Indexed on: 20 Feb '19Published on: 20 Feb '19Published in: BMC Complementary and Alternative Medicine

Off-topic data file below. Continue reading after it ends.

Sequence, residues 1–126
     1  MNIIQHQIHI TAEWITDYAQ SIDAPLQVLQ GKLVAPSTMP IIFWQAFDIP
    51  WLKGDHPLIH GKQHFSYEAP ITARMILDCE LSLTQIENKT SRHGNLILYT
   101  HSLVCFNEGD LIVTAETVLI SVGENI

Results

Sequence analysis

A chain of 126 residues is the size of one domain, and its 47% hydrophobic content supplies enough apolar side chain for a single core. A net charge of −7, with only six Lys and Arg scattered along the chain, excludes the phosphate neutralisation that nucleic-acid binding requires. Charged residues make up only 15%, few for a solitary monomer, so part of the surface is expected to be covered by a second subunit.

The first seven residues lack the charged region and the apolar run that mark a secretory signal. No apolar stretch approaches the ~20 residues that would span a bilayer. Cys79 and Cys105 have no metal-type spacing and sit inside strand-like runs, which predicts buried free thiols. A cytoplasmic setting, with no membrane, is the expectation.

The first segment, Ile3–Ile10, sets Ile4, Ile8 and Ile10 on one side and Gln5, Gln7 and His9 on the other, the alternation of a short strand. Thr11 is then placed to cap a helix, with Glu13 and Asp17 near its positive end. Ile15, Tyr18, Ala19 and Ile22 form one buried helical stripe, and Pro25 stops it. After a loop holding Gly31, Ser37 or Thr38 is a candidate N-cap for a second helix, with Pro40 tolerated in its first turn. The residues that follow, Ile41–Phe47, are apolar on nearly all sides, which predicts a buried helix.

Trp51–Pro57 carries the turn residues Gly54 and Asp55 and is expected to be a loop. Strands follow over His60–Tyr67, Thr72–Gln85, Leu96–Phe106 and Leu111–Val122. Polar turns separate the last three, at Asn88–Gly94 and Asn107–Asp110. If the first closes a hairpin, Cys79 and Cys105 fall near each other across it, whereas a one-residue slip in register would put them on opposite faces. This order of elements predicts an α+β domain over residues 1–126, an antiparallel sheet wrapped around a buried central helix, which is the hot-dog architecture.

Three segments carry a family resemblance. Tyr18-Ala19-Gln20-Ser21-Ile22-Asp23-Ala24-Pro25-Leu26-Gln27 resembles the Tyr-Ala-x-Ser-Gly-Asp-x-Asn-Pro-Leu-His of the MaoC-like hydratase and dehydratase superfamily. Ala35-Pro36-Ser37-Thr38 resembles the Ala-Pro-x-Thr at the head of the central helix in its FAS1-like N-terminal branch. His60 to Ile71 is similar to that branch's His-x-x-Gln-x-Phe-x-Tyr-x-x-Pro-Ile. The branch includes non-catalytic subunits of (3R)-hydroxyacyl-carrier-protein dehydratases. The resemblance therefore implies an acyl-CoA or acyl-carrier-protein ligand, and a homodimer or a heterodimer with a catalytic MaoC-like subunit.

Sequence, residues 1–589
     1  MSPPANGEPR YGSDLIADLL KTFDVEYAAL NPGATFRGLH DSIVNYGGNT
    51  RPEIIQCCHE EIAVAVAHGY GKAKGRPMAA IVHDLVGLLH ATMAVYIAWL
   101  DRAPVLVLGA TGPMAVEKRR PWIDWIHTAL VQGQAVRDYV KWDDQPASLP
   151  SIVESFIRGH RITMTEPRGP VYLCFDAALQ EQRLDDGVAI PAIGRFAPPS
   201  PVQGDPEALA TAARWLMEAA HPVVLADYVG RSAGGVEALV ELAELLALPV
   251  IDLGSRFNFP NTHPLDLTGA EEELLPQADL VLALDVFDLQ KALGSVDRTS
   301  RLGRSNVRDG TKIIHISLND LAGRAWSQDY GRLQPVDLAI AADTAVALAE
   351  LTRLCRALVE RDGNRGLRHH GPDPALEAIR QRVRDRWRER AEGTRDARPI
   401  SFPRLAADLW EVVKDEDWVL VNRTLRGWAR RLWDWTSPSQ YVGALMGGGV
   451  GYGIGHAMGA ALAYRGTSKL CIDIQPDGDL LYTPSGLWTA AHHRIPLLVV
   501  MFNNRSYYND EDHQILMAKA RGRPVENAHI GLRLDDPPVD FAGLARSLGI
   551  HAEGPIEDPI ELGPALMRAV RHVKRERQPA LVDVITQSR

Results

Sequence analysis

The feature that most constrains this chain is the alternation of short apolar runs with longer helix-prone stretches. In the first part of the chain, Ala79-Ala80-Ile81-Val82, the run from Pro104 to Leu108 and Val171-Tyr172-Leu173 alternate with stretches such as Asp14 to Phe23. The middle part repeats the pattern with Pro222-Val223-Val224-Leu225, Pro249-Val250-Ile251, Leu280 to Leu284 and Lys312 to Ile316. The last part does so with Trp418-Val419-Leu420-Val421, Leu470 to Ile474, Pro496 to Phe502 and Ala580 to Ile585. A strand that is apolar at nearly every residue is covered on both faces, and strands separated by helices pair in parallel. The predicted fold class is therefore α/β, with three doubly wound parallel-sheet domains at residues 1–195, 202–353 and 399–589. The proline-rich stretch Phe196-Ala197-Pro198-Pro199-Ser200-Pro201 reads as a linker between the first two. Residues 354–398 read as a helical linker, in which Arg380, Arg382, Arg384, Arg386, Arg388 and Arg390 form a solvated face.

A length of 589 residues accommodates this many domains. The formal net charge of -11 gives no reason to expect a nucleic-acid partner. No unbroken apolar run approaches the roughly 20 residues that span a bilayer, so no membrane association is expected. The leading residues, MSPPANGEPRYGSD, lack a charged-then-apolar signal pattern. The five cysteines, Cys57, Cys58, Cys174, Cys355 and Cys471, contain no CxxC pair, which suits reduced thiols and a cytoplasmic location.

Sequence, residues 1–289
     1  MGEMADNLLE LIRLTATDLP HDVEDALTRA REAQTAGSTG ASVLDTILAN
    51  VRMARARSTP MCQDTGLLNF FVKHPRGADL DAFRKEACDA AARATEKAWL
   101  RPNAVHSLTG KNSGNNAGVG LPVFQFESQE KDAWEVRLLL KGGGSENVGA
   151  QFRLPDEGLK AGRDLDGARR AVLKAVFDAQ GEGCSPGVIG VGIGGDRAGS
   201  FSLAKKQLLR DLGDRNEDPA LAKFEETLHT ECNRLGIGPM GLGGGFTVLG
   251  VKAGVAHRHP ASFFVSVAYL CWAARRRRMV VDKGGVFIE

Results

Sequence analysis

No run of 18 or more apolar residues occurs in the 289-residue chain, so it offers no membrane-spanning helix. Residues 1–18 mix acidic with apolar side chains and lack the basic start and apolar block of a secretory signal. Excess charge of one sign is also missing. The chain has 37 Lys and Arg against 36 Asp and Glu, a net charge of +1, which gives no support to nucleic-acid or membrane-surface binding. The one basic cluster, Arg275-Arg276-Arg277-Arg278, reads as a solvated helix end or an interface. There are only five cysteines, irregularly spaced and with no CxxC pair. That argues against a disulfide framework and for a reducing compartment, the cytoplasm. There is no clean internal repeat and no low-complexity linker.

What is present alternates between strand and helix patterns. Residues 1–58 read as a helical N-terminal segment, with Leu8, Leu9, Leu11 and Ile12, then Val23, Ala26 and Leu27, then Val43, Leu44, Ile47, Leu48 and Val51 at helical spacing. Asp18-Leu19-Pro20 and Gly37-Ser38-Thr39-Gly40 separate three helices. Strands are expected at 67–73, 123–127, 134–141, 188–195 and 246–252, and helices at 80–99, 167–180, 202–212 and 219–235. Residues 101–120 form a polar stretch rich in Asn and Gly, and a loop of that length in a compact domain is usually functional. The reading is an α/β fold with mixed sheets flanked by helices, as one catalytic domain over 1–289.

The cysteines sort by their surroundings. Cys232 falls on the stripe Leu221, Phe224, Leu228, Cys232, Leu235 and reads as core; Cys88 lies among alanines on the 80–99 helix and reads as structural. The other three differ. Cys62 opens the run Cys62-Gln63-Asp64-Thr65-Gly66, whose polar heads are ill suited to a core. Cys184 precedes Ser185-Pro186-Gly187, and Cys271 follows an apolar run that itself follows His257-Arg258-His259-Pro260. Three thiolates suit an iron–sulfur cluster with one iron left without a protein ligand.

Hordeum vulgare L (barley) contains numerous phenolic substances with proven anticancer, antioxidant and gastroprotective activities. Saccharification increases the functionality and bioavailability of these compounds thus can aid in the development of a natural product based medicine. This study aimed to investigate the possible gastroprotective effects of saccharification on the indomethacin (IND)-induced gastric ulcers in rats using Weissella cibaria- and Saccharomyces cerevisiae-triple fermented H. vulgare extract (FBe).In total, 60 healthy male 6-week old Sprague-Dawley SD (SPF/VAF Outbred CrljOri:CD1) rats were commercially purchased. The FBe extract (100, 200, and 300 mg kg− 1) was orally administered 30 min before an oral treatment of IND (25 mg kg− 1). Six hours after IND treatment, variations in the histopathology, myeloperoxidase (MPO) activity, gross lesion scores, lipid peroxidation, and antioxidant defense system component (superoxide dismutase (SOD), catalase (CAT), and glutathione (GSH)) levels were measured.FBe treatment showed significant (p < 0.01 or p < 0.05) and dose-dependent decrease in gastric mucosal damage. In the present study hemorrhagic gross lesions, gastric MPO activity, and histopathological gastric ulcerative lesions were observed in IND-treated rats compared to the IND control rats. In particular, FBe, in a dose-dependent manner, strengthened the antioxidant defense systems, decreased lipid peroxidation and CAT activity by increasing the GSH levels and SOD activity, respectively. The 200 mg kg− 1 dose of FBe was similarly gastroprotective as the 10 mg kg− 1 dose of omeprazole in rats with IND-induced gastric mucosal damage.The findings of the present study show that an oral administration of FBe had positive gastroprotective effects through strengthening the body antioxidant defense system and anti-inflammatory effects.